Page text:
Major Antitrust Lawsuits & Settlements

The following legal actions and settlements are examples of the Attorney General's enforcement of state and federal antitrust laws.

Latest Entry

United Regional Health Care System (2011)

Alphabetical listing:

Bristol-Myers Squibb Co. (BuSpar) (2003)
Bristol-Myers Squibb Co. (Plavix) (2008)
JBS Beef, SA (2009)
Marsh & McLennan Companies, Inc. (2008)
Memorial Hermann (2009)
Municipal Derivatives Investigation (2010)
Oracle Corporation/PeopleSoft (2003)
Ticketmaster/Live Nation (2010)
Title Data, Inc. (2008)
Tricor Antitrust Litigation (2009)
United Regional Health Care System (2011)
Visa Inc. and MasterCard International (2010)

Bristol-Myers Squibb Co. (BuSpar) (2003)

The Antitrust Division filed suit against Bristol Myer Squibb, Watson Pharma, Inc. and Danbury Pharmacal, Inc. alleging these defendants prevented a generic form of BuSpar®, a widely prescribed anti-anxiety drug, from coming to market. Texas was joined by 34 other states, the District of Columbia and Puerto Rico in filing this suit which resulted in a settlement with Bristol- Myers paying $100 million. The settlement also has injunctive relief which, in part, prohibits Bristol Myers from entering into agreements with generic drug manufacturers to settle patent infringement suits, if the result of such agreements would potentially adversely affect competition.

Bristol-Myers Squibb Co. (Plavix) (2008)

As part of the settlement of the BuSpar® and Taxol® antitrust litigations, the Attorney General along with a group of other state attorneys general obtained an injunction requiring Bristol-Myers Squibb to report on settlement agreements it enters which result in generic drugs not being brought to market. Subsequently, the states determined that Bristol had failed to disclose material information concerning one such agreement involving the brand-name prescription drug Plavix®. Following an investigation, Bristol agreed that it had violated the injunction and paid the states $1.1 million.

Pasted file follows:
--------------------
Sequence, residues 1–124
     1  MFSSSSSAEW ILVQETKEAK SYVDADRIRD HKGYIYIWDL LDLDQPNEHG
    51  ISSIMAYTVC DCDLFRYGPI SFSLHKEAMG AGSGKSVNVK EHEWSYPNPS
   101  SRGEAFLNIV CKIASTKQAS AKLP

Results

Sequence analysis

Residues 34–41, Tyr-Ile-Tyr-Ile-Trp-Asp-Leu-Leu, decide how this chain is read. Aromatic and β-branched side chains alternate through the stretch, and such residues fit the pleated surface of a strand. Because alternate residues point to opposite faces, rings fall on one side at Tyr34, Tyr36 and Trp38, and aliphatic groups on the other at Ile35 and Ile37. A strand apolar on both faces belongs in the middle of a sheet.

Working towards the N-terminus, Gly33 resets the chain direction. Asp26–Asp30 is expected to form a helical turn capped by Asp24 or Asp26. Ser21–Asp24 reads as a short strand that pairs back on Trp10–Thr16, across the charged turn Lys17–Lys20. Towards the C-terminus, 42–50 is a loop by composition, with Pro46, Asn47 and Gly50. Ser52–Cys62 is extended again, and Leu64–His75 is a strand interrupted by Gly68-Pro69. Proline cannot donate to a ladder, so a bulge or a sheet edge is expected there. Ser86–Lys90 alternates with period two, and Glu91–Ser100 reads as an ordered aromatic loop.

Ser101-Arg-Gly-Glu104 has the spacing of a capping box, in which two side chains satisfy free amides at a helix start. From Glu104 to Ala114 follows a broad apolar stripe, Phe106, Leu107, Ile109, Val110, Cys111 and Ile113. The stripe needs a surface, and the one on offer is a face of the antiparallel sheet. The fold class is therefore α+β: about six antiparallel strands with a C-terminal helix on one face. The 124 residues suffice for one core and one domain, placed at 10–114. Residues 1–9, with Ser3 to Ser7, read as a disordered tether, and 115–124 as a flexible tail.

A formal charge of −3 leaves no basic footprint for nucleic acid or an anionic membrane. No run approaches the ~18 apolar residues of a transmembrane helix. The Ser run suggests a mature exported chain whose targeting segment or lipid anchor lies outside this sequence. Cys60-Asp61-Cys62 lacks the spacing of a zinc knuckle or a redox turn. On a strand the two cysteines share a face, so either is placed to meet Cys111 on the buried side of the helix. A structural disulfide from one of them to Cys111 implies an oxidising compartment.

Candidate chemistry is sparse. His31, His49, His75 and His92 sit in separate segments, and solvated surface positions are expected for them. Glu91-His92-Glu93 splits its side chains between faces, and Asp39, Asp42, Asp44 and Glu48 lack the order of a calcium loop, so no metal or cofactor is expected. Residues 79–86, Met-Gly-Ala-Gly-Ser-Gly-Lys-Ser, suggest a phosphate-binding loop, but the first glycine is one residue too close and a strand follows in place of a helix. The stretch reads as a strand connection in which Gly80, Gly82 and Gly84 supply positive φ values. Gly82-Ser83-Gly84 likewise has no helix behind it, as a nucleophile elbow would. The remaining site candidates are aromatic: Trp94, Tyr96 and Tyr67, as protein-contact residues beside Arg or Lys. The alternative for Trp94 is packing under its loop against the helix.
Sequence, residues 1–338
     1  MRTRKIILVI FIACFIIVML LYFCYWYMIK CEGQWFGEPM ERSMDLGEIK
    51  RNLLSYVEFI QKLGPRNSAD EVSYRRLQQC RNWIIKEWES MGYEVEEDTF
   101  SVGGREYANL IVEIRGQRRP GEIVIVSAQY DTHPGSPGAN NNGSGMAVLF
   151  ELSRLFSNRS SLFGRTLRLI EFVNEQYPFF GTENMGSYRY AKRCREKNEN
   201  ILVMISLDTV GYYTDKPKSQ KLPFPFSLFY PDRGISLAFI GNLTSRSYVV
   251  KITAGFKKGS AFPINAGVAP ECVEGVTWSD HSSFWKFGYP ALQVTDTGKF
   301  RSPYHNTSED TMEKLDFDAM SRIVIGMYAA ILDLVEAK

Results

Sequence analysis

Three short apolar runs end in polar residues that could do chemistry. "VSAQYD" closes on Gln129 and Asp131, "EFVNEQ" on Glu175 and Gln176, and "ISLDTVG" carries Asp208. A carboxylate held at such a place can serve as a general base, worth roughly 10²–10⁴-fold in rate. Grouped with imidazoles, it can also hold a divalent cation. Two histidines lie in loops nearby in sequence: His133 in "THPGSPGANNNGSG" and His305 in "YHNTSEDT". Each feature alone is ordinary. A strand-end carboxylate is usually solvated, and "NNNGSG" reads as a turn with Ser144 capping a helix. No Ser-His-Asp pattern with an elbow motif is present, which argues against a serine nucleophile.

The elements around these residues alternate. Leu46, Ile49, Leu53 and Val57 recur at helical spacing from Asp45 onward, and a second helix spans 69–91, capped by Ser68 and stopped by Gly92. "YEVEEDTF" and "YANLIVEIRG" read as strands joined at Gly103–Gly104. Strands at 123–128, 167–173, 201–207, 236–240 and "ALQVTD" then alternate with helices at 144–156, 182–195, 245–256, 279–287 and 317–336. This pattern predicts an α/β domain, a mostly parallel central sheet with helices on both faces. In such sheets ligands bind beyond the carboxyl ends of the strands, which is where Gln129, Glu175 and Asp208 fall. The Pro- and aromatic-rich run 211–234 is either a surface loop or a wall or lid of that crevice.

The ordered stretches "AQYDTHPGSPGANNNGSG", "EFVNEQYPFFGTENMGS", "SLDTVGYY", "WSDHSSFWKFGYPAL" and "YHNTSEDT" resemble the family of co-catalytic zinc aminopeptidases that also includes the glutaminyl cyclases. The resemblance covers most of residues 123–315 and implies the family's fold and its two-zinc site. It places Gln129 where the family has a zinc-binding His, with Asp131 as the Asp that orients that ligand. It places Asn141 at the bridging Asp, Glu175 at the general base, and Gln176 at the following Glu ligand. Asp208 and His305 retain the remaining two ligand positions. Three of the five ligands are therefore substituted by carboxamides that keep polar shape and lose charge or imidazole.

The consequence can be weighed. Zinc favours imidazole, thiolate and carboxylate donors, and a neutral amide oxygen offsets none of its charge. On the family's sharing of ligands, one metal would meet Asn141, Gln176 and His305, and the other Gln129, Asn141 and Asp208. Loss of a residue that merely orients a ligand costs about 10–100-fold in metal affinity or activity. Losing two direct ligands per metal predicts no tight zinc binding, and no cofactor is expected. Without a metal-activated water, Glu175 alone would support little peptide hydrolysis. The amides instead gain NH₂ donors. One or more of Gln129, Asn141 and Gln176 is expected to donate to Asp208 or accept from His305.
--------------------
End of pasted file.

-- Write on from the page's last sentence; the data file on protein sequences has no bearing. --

JBS Beef, SA (2009)

In 2008, JBS Beef, the then third largest beef processor in the United States, announced that it intended to purchase rival processors, National Beef Packing Co. and Smithfield Beef Group. Although the Smithfield acquisition was allowed to proceed because it did not present significant competitive concerns, an exhaustive investigation of the proposed merger with National Beef revealed that JBS was attempting to acquire market power that would allow it to pay ranchers less for cattle while charging more for the beef it produces. The Attorney General, along with the U.S. Department of Justice and several other state attorneys general, filed suit to block the National Beef merger. On February 23, 2009, in the face of opposition from the Attorney General and his co-plaintiffs, JBS and National Beef Packing Co. abandoned their proposed merger.

Marsh & McLennan Companies, Inc. (2008)

In December 2008, insurance broker, Marsh and McClennan Companies, Inc. (Marsh), settled an investigation conducted by the Attorney General and eight other attorneys general concerning Marsh's anticompetitive conduct in the market for commercial insurance. The investigation revealed that the broker accepted undisclosed compensation from insurers in exchange for preferential treatment. The scheme lasted several years and resulted in higher premiums paid by Marsh's commercial insurance customers. Under Marsh's settlement with the multistate group, it must abide by stringent disclosure requirements that will allow customers to make informed decisions about their insurance purchases. Marsh also agreed to pay the multistate group $7,000,000, of which Texas received $1,100,000, as reimbursement for investigative costs.

Memorial Hermann (2009)

After an investigation, the Attorney General filed a lawsuit and an agreed judgment against Memorial Hermann Healthcare System. The lawsuit alleged that Memorial Hermann systematically discouraged health insurers from adding a competing hospital to their insurance coverage networks and used its leverage to punish health insurers that established contracts with that competitor. Memorial Hermann agreed to an injunction and payment of $700,000 for attorney fees and investigative costs.

Municipal Derivatives Investigation (2010)